“Unda”… A superbly understated Mammootty stars in a drama that’s much bigger than a “cop film”

Posted on June 22, 2019

5


Spoilers ahead…

Read the full review on Film Companion, here: https://www.filmcompanion.in/unda-mammootty-movie-review-baradwaj-rangan

It’s 2014. Idukki. Policemen are getting ready for their first out-of-state duty. They line up in rows before a stage, from where a superior will give them instructions. He does. He also delivers what, in hindsight, will prove to be a big joke. “Use arms only when necessary.” For many of these men, who’ve seen little more than lathi charges, it’s a redundant statement. One of them says, later, “I don’t know how to fire a gun. I shiver whenever I touch it.” Another cop wonders if the Kerala police have been in a shootout like they show in the movies. Even the commander of these men, SI Manikandan (Mammootty), admits he’s never caught a thief or murderer in his 15 years of service. Khalid Rahman’s Unda (the director co-wrote the film with Harshad) comes with a macho title: the word means “bullet”. But the film, for the most part, subverts the machismo we know from the movies.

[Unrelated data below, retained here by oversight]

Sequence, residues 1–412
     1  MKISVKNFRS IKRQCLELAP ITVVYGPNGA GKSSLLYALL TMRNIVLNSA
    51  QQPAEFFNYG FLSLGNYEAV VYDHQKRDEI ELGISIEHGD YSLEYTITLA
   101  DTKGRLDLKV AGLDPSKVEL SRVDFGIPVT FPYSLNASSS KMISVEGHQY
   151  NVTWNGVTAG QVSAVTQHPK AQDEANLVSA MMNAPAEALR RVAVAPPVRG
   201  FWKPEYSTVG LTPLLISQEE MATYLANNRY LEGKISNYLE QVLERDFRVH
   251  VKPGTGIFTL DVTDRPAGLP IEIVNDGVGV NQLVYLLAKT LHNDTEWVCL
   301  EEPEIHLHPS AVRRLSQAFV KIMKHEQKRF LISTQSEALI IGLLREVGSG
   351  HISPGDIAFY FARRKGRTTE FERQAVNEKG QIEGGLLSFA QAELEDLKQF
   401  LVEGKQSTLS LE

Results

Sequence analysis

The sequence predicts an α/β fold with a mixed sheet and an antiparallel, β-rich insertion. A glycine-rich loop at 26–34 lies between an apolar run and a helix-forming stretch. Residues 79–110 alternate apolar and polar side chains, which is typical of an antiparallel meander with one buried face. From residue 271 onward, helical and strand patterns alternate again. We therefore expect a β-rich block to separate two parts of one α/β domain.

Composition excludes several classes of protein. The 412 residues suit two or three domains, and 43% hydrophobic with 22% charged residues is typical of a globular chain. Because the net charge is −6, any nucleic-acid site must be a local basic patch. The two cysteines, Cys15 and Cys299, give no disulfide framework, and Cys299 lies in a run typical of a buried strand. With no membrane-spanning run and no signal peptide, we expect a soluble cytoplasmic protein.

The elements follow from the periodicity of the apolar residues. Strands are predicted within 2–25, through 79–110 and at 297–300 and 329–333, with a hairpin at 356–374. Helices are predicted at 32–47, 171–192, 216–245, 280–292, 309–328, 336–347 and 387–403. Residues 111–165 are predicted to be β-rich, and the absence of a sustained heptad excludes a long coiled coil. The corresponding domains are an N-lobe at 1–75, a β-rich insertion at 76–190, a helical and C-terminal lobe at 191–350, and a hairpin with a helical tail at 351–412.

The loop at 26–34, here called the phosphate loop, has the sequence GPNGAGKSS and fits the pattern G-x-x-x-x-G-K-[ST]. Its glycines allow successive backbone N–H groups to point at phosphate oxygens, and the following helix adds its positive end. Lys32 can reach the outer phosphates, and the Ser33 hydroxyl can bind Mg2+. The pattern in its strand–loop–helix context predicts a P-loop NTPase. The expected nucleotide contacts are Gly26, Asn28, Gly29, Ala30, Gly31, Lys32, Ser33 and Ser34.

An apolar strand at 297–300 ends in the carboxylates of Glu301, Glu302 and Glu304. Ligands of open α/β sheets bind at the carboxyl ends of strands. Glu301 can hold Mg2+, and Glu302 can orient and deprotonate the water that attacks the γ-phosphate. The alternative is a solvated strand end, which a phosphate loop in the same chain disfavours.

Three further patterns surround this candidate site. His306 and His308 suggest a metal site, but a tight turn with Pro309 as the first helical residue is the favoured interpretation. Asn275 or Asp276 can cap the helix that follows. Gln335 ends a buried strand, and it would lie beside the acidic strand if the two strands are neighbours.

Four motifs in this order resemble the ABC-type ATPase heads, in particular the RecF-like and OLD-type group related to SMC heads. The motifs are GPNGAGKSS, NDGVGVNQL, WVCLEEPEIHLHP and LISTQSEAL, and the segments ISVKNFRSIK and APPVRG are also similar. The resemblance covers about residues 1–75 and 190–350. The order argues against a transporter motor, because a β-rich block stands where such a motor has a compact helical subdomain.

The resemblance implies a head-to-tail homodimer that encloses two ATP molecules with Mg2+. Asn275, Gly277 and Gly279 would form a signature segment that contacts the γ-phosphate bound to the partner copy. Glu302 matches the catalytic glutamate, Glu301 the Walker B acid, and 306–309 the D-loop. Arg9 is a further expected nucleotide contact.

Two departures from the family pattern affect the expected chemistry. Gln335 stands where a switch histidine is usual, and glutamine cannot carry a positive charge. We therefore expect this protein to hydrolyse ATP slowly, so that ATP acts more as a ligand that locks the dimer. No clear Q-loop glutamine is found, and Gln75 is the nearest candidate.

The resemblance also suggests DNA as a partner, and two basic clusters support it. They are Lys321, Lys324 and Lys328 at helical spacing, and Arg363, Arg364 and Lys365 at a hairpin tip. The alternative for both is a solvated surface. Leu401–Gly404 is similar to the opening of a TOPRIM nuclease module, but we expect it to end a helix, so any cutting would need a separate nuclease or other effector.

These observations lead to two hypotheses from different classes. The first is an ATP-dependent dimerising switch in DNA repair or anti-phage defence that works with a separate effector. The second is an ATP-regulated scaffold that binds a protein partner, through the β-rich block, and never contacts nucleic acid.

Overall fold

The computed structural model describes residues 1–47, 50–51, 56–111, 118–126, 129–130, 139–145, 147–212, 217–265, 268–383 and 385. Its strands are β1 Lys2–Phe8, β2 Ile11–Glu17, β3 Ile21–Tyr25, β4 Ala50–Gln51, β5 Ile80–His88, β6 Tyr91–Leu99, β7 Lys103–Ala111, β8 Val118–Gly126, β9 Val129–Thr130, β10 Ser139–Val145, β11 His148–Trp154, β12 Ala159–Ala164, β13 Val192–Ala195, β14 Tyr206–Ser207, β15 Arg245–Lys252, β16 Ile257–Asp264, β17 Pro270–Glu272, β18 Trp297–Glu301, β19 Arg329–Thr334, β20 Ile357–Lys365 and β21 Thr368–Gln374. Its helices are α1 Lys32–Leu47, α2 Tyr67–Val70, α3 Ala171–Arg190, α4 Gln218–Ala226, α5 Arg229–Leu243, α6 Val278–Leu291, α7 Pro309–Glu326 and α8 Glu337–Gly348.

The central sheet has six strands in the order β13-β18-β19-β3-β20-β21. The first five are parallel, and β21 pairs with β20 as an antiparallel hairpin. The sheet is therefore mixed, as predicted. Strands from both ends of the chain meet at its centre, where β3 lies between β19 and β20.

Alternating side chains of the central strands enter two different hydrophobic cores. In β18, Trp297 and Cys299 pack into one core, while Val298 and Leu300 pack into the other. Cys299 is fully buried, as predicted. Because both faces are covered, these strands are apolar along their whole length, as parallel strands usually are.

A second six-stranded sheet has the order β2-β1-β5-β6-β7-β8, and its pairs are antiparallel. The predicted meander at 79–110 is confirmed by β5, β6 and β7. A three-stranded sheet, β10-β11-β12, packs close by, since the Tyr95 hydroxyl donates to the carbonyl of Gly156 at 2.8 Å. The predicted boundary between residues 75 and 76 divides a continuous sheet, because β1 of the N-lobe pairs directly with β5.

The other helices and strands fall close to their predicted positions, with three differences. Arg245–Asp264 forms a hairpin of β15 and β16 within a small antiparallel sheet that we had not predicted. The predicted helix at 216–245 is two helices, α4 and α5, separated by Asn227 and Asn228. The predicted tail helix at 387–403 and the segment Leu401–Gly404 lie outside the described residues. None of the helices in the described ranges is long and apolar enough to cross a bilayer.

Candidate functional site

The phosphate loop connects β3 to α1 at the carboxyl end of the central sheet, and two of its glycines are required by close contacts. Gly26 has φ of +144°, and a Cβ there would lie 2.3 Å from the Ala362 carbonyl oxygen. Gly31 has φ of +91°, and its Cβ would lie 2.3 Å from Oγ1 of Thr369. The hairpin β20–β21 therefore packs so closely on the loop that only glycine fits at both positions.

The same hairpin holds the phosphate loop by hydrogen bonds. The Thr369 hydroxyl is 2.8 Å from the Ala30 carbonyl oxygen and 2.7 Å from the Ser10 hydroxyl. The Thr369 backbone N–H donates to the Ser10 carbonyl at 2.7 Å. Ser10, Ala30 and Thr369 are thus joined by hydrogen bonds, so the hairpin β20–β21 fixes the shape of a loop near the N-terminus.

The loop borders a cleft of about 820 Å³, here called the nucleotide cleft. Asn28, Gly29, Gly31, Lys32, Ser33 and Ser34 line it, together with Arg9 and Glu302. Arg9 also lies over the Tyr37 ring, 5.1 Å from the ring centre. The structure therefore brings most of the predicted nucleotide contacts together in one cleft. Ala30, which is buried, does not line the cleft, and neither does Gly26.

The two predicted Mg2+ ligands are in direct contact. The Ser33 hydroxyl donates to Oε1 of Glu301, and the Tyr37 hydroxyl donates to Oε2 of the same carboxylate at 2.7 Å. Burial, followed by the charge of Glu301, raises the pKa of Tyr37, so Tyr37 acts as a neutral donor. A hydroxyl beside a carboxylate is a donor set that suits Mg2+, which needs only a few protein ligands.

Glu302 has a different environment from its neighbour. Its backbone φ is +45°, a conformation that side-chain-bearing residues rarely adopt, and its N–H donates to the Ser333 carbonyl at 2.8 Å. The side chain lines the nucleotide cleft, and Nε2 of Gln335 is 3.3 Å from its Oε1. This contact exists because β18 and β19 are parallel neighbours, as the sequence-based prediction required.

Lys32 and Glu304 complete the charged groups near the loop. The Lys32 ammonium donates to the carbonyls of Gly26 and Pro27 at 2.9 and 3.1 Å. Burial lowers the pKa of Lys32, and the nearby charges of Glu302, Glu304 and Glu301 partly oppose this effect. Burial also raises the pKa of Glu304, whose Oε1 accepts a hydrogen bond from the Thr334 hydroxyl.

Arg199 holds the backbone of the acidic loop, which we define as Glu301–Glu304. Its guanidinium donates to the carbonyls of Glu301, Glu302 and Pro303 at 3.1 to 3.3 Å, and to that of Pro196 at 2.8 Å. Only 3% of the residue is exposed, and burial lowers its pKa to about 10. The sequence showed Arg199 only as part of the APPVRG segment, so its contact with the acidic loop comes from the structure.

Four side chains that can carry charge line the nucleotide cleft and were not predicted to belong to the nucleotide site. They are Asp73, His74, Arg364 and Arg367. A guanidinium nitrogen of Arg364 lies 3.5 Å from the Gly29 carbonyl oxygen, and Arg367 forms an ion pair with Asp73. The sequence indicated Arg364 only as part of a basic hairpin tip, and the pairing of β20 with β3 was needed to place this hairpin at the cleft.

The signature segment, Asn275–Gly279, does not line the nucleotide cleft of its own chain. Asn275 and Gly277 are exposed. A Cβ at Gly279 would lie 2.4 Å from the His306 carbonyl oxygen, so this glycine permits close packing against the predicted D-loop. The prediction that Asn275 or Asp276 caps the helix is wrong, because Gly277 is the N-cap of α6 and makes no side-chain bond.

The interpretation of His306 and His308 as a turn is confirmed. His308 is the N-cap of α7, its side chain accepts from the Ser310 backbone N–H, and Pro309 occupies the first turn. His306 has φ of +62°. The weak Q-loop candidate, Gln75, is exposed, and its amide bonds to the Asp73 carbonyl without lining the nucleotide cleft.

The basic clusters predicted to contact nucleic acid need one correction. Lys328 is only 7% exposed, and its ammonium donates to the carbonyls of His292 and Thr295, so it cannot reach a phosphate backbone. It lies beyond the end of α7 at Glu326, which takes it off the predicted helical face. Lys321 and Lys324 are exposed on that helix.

Hence the gentlest of hero-introduction shots. A pickpocket is chastened but Manikandan doesn’t so much as lift a finger. It’s a marvellous little scene. It satisfies fans of the star. (“Look, our hero doesn’t have to do anything! His mere presence reduces criminals to jelly!”) It also satisfies the mood of the story, which resists action until the very end. The rest of the time, we watch men of inaction. These policemen are shipped off to the Indo Tibetan Border Police camp in Bastar, Chhattisgarh. And there, they are told they have to prevent Maoists from disrupting the elections, which are five days away. This is a movie about waiting for an unseen, unknown enemy to strike. We don’t see the enemy, either, except for a stray glimpse of two men beating up a villager. Otherwise, we keep hearing about Maoists from people, from the papers. Or we see an explosion and sense they are somewhere around.

Continued at the link above.

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